• Ordinarily, “the purported romantic involvement of
  Eastwood with other celebrities…is a matter of public
  concern, which would generally preclude the imposition of
  liability.”

• However, the article was found false.
      Pitt and DiCaprio vs. Playgirl
• The two succeeded in actions against Playgirl on the
  grounds of Publicity of Private Facts.

• Brad Pitt prevented further distribution.

• Leonardo DiCaprio received a settlement.
                  Celebrities and
   Newsworthiness/Newsgathering
• Celebrities are entitled to the same general right of privacy
  that extends to all individuals.

• Articles recounting details of the daily lives of celebrities
  is of much more interest then the same stories concerning
  an unknown person.

• There are three rationales for providing a smaller degree of
  protection toward celebrities or public persons in general.
                       Protection Rationale
• 1. Most public persons       • 3. The press has the right
  seek and consent to            to inform the public about
  publicity, striving for        matters of public interest.
  worldwide recognition.       -Celebrities “create audience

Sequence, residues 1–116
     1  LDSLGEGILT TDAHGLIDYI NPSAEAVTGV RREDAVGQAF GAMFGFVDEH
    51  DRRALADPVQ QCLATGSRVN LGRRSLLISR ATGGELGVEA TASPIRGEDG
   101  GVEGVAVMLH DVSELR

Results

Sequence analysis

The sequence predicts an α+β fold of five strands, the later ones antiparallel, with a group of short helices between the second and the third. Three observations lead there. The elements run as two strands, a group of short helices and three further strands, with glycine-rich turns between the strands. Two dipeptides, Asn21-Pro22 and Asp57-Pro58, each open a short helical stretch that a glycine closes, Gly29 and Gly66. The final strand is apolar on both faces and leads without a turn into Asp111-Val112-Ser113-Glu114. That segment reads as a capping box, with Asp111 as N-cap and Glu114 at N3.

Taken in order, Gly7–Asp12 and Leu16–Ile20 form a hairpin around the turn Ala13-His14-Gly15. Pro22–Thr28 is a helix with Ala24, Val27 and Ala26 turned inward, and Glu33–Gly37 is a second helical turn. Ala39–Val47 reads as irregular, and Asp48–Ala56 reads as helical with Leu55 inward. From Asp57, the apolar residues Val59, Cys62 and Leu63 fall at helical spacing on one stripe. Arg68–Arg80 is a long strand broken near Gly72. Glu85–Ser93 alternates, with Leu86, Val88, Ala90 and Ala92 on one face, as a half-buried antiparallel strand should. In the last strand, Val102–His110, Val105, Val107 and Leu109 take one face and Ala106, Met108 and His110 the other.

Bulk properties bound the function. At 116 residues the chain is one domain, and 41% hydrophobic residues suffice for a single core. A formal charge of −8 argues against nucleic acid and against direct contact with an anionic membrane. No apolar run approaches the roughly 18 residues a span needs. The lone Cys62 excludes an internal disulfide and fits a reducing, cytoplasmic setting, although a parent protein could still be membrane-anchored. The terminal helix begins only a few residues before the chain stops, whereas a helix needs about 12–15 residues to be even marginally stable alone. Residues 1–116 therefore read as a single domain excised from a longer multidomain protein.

-Politicians also take           appeal not only through
  advantage of the press         the substantive
  seeking higher positions.      achievements that bring
• 2. The personalities and       him fame, but at the
  affairs of celebrities are     expense of privacy that he
  viewed as “public” due to      must surrender in be-
  the nature of their jobs.      coming a public person.”
Conclusion
      • There is no need for
        new legislation
        because the press
        should regulate and set
        their own standards
        rather then risk having
        their rights severely
        limited by the courts.
        Random Drug Tests Do Not
      Violate the Privacy of Athletes


“Students who voluntarily participate in school
  athletics have reason to expect intrusions upon
  normal rights and privileges including privacy.”

Antonin Scalia et al.
                                             Viewpoint 5
                       Our Main Topics

•   The Supreme Court
•   Drug Problems in Schools
•   The Random Drug Tests
•   Lawsuit
•   Fourth Amendment
•   Personal View of a Student-Athlete
                          The Supreme Court
• Antonin Scalia, Justice of The Supreme Court, contends
  that student athletes are subject to more regulations than
  other students and should not expect the same level of
  privacy.

• Random drug tests given to student athletes do not violate
  their right to privacy.